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The Qualified Business Income Deduction

What is the qualified business income deduction?

One of the more significant provisions of the Tax Cuts and Jobs Act, passed in December of 2017, is the Section 199(a) deduction. Section 199(a) of the Internal Revenue Code provides many taxpayers a deduction for up to 20% of Qualified Business Income (QBI) from a qualified trade or business operated directly by the taxpayer or through business entities known as a pass-through entities (i.e. S-Corporation, partnerships, etc.).

In general, total taxable income in 2020 must be under $163,300 for single filers or $326,600 for joint filers to qualify. In 2021, the limits rise to $164,900 for single filers and $329,800 for joint filers. If you’re over that limit, complicated IRS rules determine whether your business income qualifies for a full or partial deduction.

Who qualifies for the deduction?

The 199(a) deduction is for people who have “pass-through income” — that’s business income that you report on your personal tax return.

Entities eligible for the qualified business income deduction include:

· Sole proprietorships

· Partnerships

· S corporations

· Limited liability companies (LLCs)

You must have "Qualified Business Income"

The 199(a) deduction by definition applies to "Qualified Business Income," or QBI. Qualified Business Income is defined as "the net amount of qualified items of income, gain, deduction and loss with respect to any trade or business." Broadly speaking, that means your business's net profit.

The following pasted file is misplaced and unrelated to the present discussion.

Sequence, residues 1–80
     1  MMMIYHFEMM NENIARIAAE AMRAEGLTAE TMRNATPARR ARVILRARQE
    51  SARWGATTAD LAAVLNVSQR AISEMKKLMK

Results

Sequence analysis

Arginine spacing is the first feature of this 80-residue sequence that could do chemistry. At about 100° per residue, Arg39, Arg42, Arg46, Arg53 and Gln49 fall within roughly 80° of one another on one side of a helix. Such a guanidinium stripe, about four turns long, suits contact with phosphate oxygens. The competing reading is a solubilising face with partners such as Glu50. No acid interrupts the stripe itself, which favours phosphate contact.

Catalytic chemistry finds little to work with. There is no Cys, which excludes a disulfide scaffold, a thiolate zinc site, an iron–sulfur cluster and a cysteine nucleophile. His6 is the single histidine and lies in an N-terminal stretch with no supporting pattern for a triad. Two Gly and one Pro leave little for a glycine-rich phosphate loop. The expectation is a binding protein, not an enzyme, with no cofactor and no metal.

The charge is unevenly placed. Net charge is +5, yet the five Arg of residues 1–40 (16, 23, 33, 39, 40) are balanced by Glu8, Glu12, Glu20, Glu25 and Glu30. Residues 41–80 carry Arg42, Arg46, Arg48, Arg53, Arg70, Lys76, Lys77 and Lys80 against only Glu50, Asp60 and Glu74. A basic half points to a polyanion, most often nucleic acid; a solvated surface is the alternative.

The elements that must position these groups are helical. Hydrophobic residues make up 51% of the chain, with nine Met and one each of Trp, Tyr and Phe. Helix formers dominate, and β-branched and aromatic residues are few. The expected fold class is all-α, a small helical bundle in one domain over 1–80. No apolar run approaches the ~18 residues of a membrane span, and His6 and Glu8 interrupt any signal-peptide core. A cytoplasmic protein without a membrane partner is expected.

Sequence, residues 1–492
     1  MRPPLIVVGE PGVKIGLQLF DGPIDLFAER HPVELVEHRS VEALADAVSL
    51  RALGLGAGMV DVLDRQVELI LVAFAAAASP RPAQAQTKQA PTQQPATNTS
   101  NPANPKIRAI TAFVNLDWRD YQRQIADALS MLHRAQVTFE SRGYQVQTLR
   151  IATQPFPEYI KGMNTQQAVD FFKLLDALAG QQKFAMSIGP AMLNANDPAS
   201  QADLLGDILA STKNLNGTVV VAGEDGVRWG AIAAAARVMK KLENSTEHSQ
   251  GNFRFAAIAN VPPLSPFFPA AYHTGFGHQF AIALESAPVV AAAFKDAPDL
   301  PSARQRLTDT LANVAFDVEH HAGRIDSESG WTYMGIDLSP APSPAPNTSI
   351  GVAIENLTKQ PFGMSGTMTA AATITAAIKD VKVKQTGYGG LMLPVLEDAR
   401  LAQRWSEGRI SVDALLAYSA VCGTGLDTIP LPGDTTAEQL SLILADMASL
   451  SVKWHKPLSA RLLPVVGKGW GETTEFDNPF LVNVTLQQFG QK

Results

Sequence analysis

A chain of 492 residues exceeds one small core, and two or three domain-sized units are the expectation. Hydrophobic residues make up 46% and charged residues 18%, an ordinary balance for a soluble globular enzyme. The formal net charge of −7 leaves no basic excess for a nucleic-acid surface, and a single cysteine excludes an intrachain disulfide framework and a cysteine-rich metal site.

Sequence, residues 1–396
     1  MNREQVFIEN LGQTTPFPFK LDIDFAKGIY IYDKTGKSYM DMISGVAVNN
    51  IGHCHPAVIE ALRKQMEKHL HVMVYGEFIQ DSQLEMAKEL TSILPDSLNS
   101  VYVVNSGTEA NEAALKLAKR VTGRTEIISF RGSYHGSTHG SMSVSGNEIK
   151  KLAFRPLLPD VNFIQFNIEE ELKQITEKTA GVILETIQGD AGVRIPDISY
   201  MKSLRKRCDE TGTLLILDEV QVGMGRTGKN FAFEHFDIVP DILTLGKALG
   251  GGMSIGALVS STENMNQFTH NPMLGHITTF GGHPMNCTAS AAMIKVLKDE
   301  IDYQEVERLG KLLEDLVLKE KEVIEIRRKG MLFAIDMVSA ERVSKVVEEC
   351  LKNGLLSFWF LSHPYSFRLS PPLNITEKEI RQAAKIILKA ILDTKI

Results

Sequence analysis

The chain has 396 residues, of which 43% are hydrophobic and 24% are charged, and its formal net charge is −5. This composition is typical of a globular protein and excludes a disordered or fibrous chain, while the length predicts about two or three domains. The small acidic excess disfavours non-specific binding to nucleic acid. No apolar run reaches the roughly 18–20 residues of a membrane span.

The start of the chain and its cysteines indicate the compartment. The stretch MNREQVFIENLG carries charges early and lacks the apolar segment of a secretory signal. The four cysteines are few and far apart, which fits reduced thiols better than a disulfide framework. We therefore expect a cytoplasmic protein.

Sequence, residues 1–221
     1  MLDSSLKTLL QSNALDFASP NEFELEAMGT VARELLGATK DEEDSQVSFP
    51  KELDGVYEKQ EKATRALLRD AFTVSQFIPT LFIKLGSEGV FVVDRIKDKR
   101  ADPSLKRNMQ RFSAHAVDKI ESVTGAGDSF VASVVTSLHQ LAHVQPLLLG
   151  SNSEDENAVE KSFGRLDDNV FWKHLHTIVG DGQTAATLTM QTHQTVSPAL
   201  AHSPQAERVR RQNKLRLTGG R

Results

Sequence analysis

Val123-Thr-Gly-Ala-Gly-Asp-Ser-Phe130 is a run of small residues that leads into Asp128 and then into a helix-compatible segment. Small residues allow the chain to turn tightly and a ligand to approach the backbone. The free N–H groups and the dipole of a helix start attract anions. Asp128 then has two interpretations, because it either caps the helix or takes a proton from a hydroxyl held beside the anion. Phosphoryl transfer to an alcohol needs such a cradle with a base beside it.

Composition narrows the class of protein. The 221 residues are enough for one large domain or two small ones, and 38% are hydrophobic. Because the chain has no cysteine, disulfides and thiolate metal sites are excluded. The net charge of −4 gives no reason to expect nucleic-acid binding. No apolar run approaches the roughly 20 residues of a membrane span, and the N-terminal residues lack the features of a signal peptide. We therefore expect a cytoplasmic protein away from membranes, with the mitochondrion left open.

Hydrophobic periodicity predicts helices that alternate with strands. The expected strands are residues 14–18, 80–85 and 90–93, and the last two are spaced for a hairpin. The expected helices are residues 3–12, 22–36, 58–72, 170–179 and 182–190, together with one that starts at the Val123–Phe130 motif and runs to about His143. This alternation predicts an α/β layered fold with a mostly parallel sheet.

But it also means that not all business income qualifies. QBI excludes:

· Capital gains or losses

· Dividends

· Interest income

· Income earned outside the U.S

· Certain wage and guaranteed payments made to partners and shareholders

Your income level matters

If your total taxable income — that is, not just your business income but other income as well — is at or below $163,300 for single filers or $326,600 for joint filers, then in 2020 you may qualify for the 20% deduction on your taxable business income. In 2021, the limits rise to $164,900 for single filers and $329,800 for joint filers.

But if your income is above these limits, things get more complicated.

Here’s why, above those income limits your ability to claim the pass-through deduction depends on the nature of your business activity. And even if your business qualifies, there’s a chance you won’t get to enjoy the full 20% tax break, as the qualified business income deduction is phased out for some businesses.

If you’re over the income limit

First, if a taxpayer’s income is below income limit, the SSTB limitation does not apply.

For taxpayers whose taxable income is within the phase-out range, the taxpayer’s share of qualified business income, W-2 wages, and UBIA of qualified property related to the SSTB may be limited.

If a taxpayer’s taxable income exceeds the phase-out range, no deduction is allowed with respect to any SSTB.

If you’re over the income limit, there are a few tests that determine whether you qualify for the qualified business income deduction. One such test is this: Is your business a “specified service trade or business"?

If you’re a doctor, lawyer, consultant, actor, financial planner — and the list goes on — then your business is deemed a “specified service trade or business,” and many high earners in these fields won’t qualify for this tax break, because it disappears once you hit total taxable income of $213,300 if you’re single, and $426,600 if you’re married filing jointly.

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